Lots of things are done very well in Zoo Tycoon. The animals have real character and the educational elements are delivered in perfect, bite size chunks. You can lose hours just walking around the zoo, taking photographs and enjoying the animal interactions. Initially there is genuine delight when a new species or enclosure type is unlocked but unfortunately, this wonder wears off all too quickly.
Addictive tower defence game turned third person shooter, Plants vs Zombies: Garden Warfare offers a bright, colourful and incredibly competitive addition to the Xbox One's gaming roster. Inevitably, the release of Titanfall will mean that this little gem doesn't get played as much as it deserves. We would have liked to see some traditional PvZ gameplay thrown into the mix to allow players to earn extra sticker packs or coins, but as this isn't a full price title, the omission of this feature is entirely forgiveable. Less acceptable is the infuriating matchmaking system which means that, like many Xbox One games, playing with members of your party or friends happens more by luck than design. Although it isn't perfect, the well thought out player progression, multiplayer modes and well balanced gameplay make this an essential game for lovers of the franchise and fans of shooters alike.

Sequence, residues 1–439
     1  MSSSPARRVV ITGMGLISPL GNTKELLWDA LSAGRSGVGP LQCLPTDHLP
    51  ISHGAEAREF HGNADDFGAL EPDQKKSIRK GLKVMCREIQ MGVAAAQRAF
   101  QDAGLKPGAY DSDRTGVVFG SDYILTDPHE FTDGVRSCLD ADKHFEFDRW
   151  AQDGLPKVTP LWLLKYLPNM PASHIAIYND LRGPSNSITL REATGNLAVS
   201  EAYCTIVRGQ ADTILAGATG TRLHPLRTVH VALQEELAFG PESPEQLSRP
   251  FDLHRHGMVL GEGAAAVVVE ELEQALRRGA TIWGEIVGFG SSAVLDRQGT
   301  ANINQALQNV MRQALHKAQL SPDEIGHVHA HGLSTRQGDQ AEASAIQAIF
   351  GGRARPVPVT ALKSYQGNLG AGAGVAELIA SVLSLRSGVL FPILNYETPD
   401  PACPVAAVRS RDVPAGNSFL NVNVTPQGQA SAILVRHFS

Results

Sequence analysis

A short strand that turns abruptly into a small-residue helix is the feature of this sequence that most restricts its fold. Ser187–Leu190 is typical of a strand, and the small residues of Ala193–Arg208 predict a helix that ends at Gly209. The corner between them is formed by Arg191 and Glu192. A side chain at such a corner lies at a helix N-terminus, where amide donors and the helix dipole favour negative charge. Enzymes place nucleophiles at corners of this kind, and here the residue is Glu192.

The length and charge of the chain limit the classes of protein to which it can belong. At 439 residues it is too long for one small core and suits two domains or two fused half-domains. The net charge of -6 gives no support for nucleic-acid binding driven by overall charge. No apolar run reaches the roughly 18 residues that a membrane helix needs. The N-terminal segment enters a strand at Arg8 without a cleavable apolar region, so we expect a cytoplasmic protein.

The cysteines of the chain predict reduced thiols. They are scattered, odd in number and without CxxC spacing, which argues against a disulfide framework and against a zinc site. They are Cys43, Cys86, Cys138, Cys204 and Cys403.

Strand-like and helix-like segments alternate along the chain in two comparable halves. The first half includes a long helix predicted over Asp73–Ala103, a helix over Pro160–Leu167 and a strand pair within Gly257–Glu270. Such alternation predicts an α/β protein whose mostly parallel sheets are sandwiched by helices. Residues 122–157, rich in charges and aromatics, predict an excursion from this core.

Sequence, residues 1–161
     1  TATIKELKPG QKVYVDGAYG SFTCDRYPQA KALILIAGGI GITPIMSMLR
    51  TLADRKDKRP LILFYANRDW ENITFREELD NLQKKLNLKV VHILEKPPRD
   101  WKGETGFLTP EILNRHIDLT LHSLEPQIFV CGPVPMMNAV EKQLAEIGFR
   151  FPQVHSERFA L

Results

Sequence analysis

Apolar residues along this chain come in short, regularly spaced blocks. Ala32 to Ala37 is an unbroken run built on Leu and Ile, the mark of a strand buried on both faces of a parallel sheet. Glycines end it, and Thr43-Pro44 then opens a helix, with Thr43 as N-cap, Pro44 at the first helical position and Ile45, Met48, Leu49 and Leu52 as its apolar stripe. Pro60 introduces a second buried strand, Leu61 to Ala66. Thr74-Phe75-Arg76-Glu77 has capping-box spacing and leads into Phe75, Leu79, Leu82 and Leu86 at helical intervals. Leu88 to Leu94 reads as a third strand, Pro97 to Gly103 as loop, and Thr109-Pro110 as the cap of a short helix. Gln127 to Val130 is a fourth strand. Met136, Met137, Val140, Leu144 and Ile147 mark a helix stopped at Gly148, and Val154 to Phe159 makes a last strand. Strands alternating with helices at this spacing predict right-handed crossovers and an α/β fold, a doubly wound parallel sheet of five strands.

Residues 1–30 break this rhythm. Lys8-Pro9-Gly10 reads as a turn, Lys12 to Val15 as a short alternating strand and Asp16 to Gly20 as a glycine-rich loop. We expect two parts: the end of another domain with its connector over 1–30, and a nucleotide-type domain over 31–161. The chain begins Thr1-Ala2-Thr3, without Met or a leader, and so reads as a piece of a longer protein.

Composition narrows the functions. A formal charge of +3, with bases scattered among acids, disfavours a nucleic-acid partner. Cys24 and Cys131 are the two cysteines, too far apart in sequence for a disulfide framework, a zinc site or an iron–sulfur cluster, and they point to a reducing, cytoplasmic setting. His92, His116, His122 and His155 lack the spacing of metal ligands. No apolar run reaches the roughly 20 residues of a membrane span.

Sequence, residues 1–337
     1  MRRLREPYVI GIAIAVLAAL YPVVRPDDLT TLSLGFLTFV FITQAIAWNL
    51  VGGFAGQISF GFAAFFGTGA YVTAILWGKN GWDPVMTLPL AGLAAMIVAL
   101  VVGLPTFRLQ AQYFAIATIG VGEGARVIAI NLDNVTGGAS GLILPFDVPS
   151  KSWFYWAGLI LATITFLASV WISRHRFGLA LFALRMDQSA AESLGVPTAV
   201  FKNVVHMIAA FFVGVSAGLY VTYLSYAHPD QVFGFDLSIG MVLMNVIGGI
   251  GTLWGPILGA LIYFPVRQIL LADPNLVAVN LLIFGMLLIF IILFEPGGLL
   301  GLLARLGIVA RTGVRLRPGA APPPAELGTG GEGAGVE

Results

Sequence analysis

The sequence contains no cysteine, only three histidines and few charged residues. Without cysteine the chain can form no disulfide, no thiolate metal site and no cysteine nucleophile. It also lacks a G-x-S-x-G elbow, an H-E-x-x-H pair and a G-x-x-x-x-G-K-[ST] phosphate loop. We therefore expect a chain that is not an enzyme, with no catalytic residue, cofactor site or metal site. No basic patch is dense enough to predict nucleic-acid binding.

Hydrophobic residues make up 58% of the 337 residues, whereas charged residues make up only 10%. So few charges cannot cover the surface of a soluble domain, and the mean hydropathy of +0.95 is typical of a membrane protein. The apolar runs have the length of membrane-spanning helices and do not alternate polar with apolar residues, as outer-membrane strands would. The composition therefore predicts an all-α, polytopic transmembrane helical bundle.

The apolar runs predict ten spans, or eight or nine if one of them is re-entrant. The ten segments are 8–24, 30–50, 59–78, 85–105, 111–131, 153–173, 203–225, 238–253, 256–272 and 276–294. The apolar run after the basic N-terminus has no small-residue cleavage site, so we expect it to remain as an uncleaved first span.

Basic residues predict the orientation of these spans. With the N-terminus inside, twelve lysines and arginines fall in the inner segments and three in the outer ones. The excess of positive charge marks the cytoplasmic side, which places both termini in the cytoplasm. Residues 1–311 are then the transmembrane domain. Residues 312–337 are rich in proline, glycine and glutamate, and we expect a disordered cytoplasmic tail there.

Murdered: Soul Suspect lingers almost exactly at the quality middle point as a game. It doesn't do anything particularly good, nor does it do anything terribly bad; it's just okay. The ghost stories and premise of the title are what have pushed the needle up into the green but even these serve as a reminder of what could have been.
The structure of the new adventure mode, overly easy leveling and accessibility of overpowered weapons have removed some of the sense of wonder and exploration from the game, but the Ultimate Evil edition is undoubtably an improvement on Diablo III and earns a well deserved bump in score. Highly recommended.